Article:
Simple psychology behind store designs directing consumers towards better deals for the retailer

Posted at 11:08 AM, Dec 05, 2018
and last updated 2018-12-05 18:22:12-05

With the holiday shopping season in full swing, experts say shoppers aren't fighting each other for the best deals of the season, they're fighting human tendencies.

"Displays are a big deal in retail settings," said Ashland University Dean of the College of Business and Economics Dr. Elad Granot.

Walk into any department store and Dr. Granot says before you take your first step, the store is trying to influence what you buy and how much you spend.

Experts say flashy displays are designed to draw shoppers' attention to the items that make the most money for stores.

"Whatever is at your eye level, isn't there by coincidence," said Dr. Granot. "You should know, whatever is at eye level was placed there because we tend to shop where we look."

Cleveland State University Dr. Richard Klein says shop with a plan. The flashy displays are designed to catch your attention and your money.

"Many people buy things without thinking about it," said Dr. Klein. "We'll take another one of these. We'll take another one of those."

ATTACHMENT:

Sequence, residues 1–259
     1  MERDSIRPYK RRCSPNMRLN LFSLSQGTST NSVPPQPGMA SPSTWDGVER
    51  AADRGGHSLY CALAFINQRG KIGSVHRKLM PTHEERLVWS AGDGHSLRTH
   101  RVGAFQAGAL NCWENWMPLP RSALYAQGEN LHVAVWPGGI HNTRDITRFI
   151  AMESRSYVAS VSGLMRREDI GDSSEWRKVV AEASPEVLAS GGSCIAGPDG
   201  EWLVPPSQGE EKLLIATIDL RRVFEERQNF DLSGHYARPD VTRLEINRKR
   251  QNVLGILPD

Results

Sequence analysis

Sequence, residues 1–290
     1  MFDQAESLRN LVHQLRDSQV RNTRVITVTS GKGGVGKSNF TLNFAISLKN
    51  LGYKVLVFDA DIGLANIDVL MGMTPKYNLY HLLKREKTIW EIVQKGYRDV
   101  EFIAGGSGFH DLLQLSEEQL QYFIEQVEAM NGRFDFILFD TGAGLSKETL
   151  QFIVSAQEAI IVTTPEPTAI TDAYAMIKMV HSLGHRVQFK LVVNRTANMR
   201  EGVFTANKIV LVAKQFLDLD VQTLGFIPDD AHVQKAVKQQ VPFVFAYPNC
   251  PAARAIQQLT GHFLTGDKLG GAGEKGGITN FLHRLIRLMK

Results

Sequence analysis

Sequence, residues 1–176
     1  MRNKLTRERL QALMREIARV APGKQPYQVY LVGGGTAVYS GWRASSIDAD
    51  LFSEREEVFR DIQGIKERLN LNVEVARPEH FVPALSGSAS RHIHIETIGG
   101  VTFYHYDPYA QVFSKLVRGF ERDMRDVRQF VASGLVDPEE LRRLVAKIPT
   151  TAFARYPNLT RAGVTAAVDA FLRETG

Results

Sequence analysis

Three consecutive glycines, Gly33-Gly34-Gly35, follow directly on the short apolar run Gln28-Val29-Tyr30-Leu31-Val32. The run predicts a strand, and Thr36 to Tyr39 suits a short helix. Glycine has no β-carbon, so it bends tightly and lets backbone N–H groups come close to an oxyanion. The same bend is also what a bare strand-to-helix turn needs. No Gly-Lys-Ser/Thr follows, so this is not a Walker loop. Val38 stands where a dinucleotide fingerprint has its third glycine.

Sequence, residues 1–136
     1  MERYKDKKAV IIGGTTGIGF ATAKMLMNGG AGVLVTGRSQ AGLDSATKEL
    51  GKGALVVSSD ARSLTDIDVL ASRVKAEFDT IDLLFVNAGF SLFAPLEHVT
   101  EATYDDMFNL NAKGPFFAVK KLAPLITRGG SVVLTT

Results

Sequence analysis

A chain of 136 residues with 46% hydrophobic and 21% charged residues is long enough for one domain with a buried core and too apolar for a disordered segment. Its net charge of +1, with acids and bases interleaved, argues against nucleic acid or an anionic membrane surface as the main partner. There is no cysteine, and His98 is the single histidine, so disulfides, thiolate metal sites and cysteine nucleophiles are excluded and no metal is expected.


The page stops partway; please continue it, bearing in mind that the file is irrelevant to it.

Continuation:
Instead, Dr. Granot says shoppers should understand that the merchandise that stores make it easy to see is likely because it's what the store makes the most money on.

"The reason is they're trying to push whatever profitable product that is the product of the month or a flavor of the month at that point," said Dr. Granot.

He says shoppers should spend extra time looking at the merchandise that is not being featured. The "clearance" piles are a good place to start.

Dr. Granot says clearance areas are often disorganized, making them harder to sift through, causing shoppers to miss bargains.

"It will not be organized," said Dr. Granot. "That's by design because they want you to think fast and not look through things."

By looking through the pile, and even using a phone to see if those prices really are the best prices, shoppers can make the same money go a little farther.

There's also less-apparent behavior trends involved.

Stores often put the merchandise they want you to see to the right of the entrance since people are more likely to turn right first when they enter a large space.

Dr. Granot says people generally walk to the right when they first enter large spaces, so that's where many stores might put the merchandise they make the most money on.

"Go to the left," said Dr. Granot "Because if you do go to the right, you'll be facing things they want you to buy which is fantastic for them, not necessarily for you."